Summary: C191™–2009, Standard Form Multi-Party Agreement for Integrated Project Delivery

Content.

Synopsis

Purpose

Related documents

Dispute Resolution

 

Synopsis.

AIA Document C191–2009 is a standard form multi-party agreement through which the owner, architect, contractor, and perhaps other key project participants execute a single agreement for the design, construction, and commissioning of a Project. AIA Document C191–2009 provides the framework for a collaborative environment in which the parties operate in furtherance of cost and performance goals that the parties jointly establish. The non-owner parties are compensated on a cost-of-the-work basis. The compensation model is also goal-oriented, and provides incentives for collaboration in design and construction of the project. Primary management of the project is the responsibility of the Project Management Team, comprised of one representative from each of the parties. The Project Executive Team, also comprised of one representative from each of the parties, provides a second level of project oversight and issue resolution. The conflict resolution process is intended to foster quick and effective resolution of problems as they arise. This collaborative process has the potential to result in a high-quality project for the owner, and substantial monetary and intangible rewards for the other parties. For use and execution of a document, see its instructions  »

 

Purpose.

AIA Document C191–2009 Standard Form Multi-Party Agreement for Integrated Project Delivery consists of the Agreement portion and four exhibits: Exhibit A, General Conditions of the Multi-Party Agreement for Integrated Project Delivery; Exhibit B, Legal Description of the Project; Exhibit C, Owner’s Criteria; and Exhibit D, Target Criteria Amendment. Through the use of C191–2009 the Owner, Architect, Contractor and perhaps other Project participants enter into one agreement where the purpose is to design and construct a Project utilizing Integrated Project Delivery.

Integrated Project Delivery is a project delivery approach that integrates people, systems, business structures and practices into a process that collaboratively harnesses the talents and insights of all participants to reduce waste and optimize efficiency through all phases of design, fabrication and construction. C191–2009 provides the framework for Integrated Project Delivery by providing a collaborative environment in which the Parties will operate in furtherance of the Project Goals.

The approach to compensation and profit inherent in the traditional models of project delivery is eliminated in the C191–2009 model. The Architect, Contractor, and other Parties are reimbursed only for their direct and indirect costs incurred in the design and construction of the Project. Profits can be earned in two ways: achievement of goals during the course of the Project (“Goal Achievement Compensation”), and shared cost savings realized at the end of the Project (“Incentive Compensation”). The Owner pays pre-established Goal Achievement Compensation amounts to all Non-Owner Parties if and only if the goals are met. Failure to achieve a goal, regardless of fault, results in forfeiture by all Non-Owner Parties of the Goal Achievement Compensation pre-established for that Project Goal. Similarly, failure to design and construct the Project for a total cost less than the pre-established “Target Cost,” regardless of fault, results in forfeiture of any Incentive Compensation payment to all Non-Owner Parties.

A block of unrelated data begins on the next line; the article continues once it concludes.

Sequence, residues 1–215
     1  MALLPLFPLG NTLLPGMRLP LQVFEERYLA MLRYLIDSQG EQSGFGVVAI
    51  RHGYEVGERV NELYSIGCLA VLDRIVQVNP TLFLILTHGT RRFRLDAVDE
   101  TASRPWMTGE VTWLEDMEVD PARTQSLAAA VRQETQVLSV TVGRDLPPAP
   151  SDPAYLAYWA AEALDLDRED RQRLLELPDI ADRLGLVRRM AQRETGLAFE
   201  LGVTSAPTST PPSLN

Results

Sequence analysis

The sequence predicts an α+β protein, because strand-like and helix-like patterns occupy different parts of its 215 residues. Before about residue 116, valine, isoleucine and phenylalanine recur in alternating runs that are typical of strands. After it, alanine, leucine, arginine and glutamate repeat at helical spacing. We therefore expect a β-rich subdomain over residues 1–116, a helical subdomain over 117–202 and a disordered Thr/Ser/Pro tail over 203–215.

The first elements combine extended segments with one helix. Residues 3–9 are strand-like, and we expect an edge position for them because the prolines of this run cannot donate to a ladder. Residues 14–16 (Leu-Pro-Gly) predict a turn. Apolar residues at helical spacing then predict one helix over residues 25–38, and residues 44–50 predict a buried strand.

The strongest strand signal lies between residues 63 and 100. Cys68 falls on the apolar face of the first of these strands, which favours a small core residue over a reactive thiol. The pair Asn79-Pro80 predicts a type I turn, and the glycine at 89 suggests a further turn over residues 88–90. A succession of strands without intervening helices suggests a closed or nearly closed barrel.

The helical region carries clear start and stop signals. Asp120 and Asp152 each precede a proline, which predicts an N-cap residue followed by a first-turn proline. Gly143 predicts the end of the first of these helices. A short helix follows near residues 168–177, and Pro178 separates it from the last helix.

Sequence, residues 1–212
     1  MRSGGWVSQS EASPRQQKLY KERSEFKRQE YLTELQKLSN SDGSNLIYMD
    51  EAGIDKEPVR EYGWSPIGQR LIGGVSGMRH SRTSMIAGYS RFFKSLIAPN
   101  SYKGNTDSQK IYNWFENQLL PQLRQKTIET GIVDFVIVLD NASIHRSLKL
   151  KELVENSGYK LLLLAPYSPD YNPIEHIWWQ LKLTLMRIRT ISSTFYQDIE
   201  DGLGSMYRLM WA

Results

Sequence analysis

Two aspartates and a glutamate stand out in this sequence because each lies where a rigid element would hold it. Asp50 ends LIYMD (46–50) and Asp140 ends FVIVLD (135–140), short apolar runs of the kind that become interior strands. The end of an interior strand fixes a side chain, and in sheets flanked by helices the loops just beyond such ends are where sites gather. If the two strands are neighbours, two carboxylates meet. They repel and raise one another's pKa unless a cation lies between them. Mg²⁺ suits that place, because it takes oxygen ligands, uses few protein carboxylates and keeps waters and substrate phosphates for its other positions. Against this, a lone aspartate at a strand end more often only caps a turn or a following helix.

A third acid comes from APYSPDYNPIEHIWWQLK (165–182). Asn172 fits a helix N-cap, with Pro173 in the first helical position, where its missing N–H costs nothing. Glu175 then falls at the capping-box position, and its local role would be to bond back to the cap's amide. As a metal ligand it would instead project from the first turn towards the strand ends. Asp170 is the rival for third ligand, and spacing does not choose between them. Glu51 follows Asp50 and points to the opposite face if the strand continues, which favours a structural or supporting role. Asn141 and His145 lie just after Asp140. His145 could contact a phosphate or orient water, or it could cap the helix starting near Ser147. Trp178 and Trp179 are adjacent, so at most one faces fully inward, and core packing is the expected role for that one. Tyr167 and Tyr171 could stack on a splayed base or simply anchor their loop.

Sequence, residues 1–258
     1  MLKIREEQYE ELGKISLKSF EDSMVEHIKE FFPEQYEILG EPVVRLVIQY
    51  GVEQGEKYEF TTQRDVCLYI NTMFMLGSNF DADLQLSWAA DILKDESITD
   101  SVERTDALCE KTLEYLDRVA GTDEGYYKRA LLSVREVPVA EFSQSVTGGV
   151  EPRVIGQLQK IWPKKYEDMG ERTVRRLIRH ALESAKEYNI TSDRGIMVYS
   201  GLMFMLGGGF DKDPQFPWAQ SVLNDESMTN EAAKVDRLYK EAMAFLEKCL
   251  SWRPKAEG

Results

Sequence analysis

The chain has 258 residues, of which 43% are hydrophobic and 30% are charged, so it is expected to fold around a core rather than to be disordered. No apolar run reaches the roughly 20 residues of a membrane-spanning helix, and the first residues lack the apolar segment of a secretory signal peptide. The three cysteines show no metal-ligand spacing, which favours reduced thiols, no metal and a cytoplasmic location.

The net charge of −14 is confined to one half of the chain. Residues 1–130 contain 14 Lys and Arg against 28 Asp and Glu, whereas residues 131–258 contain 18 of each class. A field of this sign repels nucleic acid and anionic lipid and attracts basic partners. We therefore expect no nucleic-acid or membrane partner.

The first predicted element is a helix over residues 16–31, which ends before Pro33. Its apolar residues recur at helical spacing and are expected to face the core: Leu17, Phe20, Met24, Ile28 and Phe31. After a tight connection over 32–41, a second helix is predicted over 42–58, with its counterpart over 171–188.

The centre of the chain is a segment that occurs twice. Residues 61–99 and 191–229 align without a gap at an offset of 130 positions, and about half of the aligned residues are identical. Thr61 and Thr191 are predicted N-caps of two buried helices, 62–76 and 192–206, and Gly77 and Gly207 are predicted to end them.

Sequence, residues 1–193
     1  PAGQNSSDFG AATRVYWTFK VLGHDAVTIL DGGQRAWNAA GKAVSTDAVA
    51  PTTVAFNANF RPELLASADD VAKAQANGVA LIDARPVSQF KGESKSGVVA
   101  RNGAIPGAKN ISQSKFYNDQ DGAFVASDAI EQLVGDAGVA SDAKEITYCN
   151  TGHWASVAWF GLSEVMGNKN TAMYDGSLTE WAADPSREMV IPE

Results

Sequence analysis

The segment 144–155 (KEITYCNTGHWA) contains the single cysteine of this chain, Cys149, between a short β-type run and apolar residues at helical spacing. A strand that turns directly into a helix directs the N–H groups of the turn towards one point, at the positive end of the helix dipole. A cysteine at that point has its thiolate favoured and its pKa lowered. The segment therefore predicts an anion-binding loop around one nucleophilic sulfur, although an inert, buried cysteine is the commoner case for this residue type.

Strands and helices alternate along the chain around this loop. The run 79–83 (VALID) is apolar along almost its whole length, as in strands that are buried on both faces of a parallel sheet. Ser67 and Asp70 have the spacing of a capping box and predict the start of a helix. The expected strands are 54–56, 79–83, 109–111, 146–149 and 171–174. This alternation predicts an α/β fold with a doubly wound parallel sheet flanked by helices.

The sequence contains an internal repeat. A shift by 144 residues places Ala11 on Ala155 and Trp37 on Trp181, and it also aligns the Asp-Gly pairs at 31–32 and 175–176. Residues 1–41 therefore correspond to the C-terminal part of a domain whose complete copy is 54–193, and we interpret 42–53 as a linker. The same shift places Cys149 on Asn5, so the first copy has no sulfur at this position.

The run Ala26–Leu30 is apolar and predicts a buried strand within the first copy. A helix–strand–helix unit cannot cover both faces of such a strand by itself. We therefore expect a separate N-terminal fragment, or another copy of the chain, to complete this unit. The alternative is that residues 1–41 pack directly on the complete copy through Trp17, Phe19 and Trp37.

This goal-oriented compensation structure, in conjunction with other key provisions in C191–2009, provides incentive for the Parties to work collaboratively to design and construct the Project, and to quickly and efficiently resolve problems as they arise. This highly collaborative process has the potential to result in a high-quality Project for the Owner, and substantial monetary and intangible rewards for the other Parties.

 

C191–2009 is not directly linked to any other AIA document by parallel construction or by reference. Download a commentary on C191–2009 and C191–2009 Exhibit A   »

 

Dispute ResolutionMediation and Arbitration.

This document contains provisions for mediation and arbitration of claims and disputes. Mediation is a non-binding process but is mandatory under the terms of this agreement. Arbitration is also mandatory under the terms of this agreement. Arbitration is binding in most states and under the Federal Arbitration Act. In a minority of states, arbitration provisions relating to future disputes are not enforceable but the parties may agree to arbitrate after the dispute arises. Even in those states, under certain circumstances (for example, in a transaction involving interstate commerce), arbitration provisions may be enforceable under the Federal Arbitration Act.

The AIA does not administer dispute resolution processes. To submit disputes to mediation or arbitration or to obtain copies of the applicable mediation or arbitration rules, write to the American Arbitration Association or call (800) 778-7879. The American Arbitration Association may also be contacted at adr.org.

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